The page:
Hashtags provide the opportunity for people to see and like your photos, and potentially follow your feed. Whether your business is more interested in likes than followers (or something else entirely) is up to you. Followers show brand loyalty, but likes show human engagement. The important thing is that using more hashtags will tend to yield more likes.
Timing matters. I’ve found that around laying out hashtags at around 7:45 PM local time is pretty effective. Further experimentation might reveal a more optimal time to post those hashtags, but further experimentation might also detract from my quality of life.
Hashtags can be added later. You can post your photos any time, and whether you add the hashtags immediately or much later doesn’t matter. The photo gets added to the top of the hashtag grouping when you add the hashtag, plain and simple. It doesn’t automatically get pushed down the feed just because you added the photo hours (or days) prior. So, because timing matters, and especially because of the new “maps” feature, I’ve taken to adding the photo where I take it and waiting till about a quarter to eight to tag it. More on this in a later blog post.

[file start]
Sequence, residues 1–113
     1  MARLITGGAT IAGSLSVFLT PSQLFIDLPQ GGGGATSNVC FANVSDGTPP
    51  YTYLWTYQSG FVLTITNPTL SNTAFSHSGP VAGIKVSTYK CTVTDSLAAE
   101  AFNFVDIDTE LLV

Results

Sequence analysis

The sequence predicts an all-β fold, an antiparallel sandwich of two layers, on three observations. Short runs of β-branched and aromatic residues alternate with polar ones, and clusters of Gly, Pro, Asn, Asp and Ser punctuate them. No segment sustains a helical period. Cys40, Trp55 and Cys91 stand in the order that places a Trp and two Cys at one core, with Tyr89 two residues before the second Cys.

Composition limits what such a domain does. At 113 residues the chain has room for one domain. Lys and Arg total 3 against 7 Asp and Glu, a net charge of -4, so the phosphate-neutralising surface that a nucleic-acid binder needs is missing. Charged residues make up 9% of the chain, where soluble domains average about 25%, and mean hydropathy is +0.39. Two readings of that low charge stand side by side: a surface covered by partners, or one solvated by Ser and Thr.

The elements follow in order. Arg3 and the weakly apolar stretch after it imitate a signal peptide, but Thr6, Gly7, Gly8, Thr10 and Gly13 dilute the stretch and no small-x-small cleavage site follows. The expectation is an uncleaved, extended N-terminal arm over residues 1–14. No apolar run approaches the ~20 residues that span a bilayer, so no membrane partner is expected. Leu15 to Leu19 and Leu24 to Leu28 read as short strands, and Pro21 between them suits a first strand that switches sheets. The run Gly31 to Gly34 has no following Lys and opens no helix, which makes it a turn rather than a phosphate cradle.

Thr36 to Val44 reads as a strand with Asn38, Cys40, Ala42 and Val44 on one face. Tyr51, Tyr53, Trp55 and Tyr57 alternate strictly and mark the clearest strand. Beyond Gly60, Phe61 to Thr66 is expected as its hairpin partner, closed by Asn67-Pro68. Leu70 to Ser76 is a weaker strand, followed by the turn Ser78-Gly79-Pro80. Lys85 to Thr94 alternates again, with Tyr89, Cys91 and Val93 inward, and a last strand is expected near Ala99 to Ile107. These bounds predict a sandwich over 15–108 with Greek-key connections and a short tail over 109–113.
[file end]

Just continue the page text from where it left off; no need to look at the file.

The quality of hashtags matters. Some of the most likeable hashtags I’ve found are #cloudporn and #skyporn – photos of clouds in the sky, or clear skies, or whatever. People LOVE those shots. Other hashtags like #instafood are incredibly popular but don’t automatically produce a bunch of likes. Likes for food shots are incredibly competitive. However, in fairness, food shots are regularly taken in dark restaurants, so higher-quality food photos are rarer than high-quality sky shots. Sky shots look great on smartphones. And this leads me to the most important takeaway of all…
The quality of photos matters. This is the primary lesson of Instagram at work: post high-quality photos. If your photos are crappy, hashtags may get you SOME likes, but if your photos are seriously kick-ass – and if your hashtags are appropriate and well-timed – then yeah, you’ll get plenty of likes.
This feels like kind of a long blog post just to confirm the obvious with half-assed data, but if you read the list above, I’m happy. There will be a few more posts about this data, and if you don’t like my drivel, just look for the list of important insights. When it’s all done, I’ll have one final post of nothing but a list of all the insights together. Then…I guess I’ll move on. Right? Probably.
Maybe. We’ll see.
@BilGaines on Instagram – Follow my feed! See these insights put into practice!
Don’t have a smartphone? Desktop Instagram here.